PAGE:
The emergence of Punjab and Haryana as sports powerhouses
- The emergence of Punjab and Haryana as sports powerhouses
2 States supremacy
With India sending 215 athletes to the Glasgow Commonwealth Games (CWG) , it's 2nd largest contingent ever, the nation’s expectations of winning plenty of medals have increased. The 2010 CWG in Delhi saw the host nation winning a record 101 medals.
Of the 215 players going to Scotland, 90 are from the region of Punjab and Haryana, with 8 players out of 15 in the hockey team alone, and a look at the trends in some of the recent global sporting events will confirm that most medals won by India comes from this region.
In the 2008 Beijing Olympics, India bagged 3 medals, including a gold by Abhinav Bindra from Chandigarh. Vijender Singh from Bhiwani and Sushil Kumar, with roots in Haryana bagged bronze. The 2010 CWG was no different as out of the 101 medals won, 32 were won by the athletes from Haryana. If this state was an independent country, it would have ranked 5th in the medals tally, ahead of 66 countries. Punjab won 12 medals with four gold.
The 2012 London Olympics was a watershed moment for sports in that region. Out of the 6 medals won, 4 players (Sushil Kumar, Gagan Narang, Saina Nehwal and Yogeshwar Dutt ) belonged to Haryana, with silver medallist Vijay Kumar hailing from neighbouring Himachal Pradesh.
Good showing in National events
Besides that, the dominance of these two regions can be seen in the National Games as well. In the Games held in Ranchi in 2011, Punjab with 115 medals including 23 golds were placed 9th and Haryana finishing third, behind Services and Manipur with 115 medals and 42 gold medals.
Some of the medal hopefuls from Haryana who are expected to do the country proud in the coming years are Krishna Poonia and Om Karhana in athletics, Manoj Kumar, Sumit Sangwan, Pooja Rani in boxing and Sanjeev Rajpoot and Anisa Sayyed in shooting, amongst others.
Reasons for success
These two states comprise only 4.4% of the Indian population, but when it comes to sports, these two collectively occupy one third of the share in India's sporting glories. With 1 out of 3 players in the squad from Haryana or Punjab, this region has emerged as a powerhouse in Indian sports.
One major reason seen for the success is the determination to rise above poverty and adversity in their life. Most of the players aren't from well to do families and the police jobs offered to sportsmen is a big incentive to perform well.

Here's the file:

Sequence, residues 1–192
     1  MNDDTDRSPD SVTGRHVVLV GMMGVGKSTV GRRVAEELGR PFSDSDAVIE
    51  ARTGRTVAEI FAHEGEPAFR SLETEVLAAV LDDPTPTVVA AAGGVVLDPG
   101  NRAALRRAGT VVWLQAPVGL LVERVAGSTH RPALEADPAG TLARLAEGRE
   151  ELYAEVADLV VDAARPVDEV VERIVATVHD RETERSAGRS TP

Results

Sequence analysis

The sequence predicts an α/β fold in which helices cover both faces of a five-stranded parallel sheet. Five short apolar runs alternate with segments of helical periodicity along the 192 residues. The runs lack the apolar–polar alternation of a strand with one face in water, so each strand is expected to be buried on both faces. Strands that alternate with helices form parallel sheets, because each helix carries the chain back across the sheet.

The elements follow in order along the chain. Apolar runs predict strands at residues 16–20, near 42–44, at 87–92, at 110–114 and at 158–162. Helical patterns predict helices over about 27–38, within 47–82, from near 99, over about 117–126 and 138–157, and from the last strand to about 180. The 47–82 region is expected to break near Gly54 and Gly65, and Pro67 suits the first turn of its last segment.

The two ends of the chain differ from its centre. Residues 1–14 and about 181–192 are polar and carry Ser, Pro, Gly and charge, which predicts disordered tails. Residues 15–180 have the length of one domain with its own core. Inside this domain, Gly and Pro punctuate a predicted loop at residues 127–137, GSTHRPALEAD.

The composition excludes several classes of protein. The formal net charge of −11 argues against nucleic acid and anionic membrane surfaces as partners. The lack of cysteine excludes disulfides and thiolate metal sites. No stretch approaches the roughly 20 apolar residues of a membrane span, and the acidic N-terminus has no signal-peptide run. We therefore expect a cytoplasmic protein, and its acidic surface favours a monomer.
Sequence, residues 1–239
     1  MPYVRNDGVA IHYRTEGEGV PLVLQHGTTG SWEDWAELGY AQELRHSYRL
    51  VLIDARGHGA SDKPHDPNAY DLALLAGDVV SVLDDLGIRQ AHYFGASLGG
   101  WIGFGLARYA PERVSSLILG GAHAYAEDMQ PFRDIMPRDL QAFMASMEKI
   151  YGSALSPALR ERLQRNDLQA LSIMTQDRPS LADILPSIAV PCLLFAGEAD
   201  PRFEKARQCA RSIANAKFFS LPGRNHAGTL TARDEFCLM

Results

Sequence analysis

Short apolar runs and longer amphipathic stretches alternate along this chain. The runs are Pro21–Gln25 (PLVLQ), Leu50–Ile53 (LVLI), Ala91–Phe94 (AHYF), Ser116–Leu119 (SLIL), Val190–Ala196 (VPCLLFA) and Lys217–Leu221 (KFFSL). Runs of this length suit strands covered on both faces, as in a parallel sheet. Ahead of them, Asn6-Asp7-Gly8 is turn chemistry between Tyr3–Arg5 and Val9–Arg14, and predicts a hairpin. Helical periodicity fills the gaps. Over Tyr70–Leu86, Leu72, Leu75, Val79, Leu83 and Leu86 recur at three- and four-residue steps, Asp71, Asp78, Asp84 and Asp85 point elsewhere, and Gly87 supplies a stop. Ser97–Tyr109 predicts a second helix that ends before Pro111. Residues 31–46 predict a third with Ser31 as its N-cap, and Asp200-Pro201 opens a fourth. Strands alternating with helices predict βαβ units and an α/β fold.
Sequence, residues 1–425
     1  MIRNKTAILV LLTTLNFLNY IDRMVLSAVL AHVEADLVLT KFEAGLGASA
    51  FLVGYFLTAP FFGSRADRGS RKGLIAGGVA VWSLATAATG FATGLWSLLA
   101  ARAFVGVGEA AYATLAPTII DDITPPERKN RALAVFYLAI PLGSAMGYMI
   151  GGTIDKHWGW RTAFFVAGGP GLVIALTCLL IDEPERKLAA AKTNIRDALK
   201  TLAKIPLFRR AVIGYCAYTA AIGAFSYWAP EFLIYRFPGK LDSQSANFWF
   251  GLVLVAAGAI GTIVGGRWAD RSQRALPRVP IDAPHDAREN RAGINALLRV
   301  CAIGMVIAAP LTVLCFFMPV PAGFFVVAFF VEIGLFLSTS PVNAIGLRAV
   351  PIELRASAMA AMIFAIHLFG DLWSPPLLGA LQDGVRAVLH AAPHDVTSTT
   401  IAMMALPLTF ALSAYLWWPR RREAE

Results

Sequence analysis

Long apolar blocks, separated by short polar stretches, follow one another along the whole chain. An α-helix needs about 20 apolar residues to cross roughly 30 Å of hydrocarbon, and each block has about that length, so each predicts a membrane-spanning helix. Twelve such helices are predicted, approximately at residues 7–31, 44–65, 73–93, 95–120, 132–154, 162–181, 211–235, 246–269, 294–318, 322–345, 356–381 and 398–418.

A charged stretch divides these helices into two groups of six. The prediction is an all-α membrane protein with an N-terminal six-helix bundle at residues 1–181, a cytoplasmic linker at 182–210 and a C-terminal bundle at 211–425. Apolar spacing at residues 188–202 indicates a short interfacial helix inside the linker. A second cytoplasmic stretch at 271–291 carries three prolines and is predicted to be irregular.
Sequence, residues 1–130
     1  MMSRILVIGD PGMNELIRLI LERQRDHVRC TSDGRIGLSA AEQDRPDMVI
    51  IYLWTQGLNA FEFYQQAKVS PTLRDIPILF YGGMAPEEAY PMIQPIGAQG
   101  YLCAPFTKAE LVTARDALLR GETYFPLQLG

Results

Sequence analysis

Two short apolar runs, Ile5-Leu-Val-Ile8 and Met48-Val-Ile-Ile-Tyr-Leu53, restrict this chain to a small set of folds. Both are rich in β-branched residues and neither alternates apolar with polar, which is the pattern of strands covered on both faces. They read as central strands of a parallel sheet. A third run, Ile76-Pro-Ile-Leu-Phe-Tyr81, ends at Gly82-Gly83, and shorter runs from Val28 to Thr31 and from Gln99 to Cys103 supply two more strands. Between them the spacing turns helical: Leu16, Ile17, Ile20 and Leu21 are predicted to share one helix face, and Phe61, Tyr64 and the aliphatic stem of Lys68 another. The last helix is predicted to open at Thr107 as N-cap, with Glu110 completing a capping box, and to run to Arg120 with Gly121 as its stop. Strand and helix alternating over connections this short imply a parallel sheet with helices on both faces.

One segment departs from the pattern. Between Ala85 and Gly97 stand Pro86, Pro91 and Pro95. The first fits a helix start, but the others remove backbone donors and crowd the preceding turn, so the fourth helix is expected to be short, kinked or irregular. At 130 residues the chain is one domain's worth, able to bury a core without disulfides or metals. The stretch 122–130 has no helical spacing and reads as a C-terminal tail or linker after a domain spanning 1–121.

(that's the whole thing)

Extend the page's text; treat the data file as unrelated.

Vijender Singh, the son of a bus driver says the hope of employment is what made him don the gloves. Vijender’s success, which also saw him acting in a Bollywood movie, is what drives almost 250 boxers every year to excel in their respective fields and make a career. With the state reserving almost 3% of government jobs for the athletes, the incentive to perform is high.
Ironically, lack of money is also a reason this state produces medal winning athletes. They prefer traditional sports like boxing, wrestling and athletics and look to perfect their craft in what is regarded as "poor man's sport". The government led by Chief Minister Bhupinder Hooda has announced a 23 page sports policy which aims to create sports clubs and organise sporting events every year, where they can scout for talents in the 19-29 age category, who are then funded by the state.
The compulsion of students to take up at least one sport in school is another reason for their success. 171 stadiums with the necessary infrastructure have come up in the last 6 years with full-time experienced coaches. Gagan Narang, the silver medalist in London states, "Shooting is an expensive sport. But the state has provided excellent ranges with World class equipment and this explains why so many people from the state are taking up the sport."
Apart from that, the government has also offered incentives like free travel and a yearly salary of Rs.5 lakh along with 3% police jobs reserved for them. The offers extend to the coaches as well. The Olympic medalists received prize money worth Rs. 6.5 crore and the participants received Rs. 11 lakh each. Wrestler Geeta Phogat, who received 21 lakh says, "The role of government goes a long way in the success of the athletes. Not only do they offer us money, they take an active interest in the game, with the CM even attending some of our matches."
The Haryana players also get cars and plots for their achievements, besides being honoured with the coveted "Bhim Award" where the greatest sporting icons from the region are felicitated. In contrast, other states do not honour Indian champions. Ace badminton player Saina Nehwal, who is yet to receive her Olympic prize money from Andhra Pradesh hopes other states can encourage sports like the governments of Haryana and Punjab, so that the nation can have a rich haul of medals, with players from different states to chipping in and making the nation proud.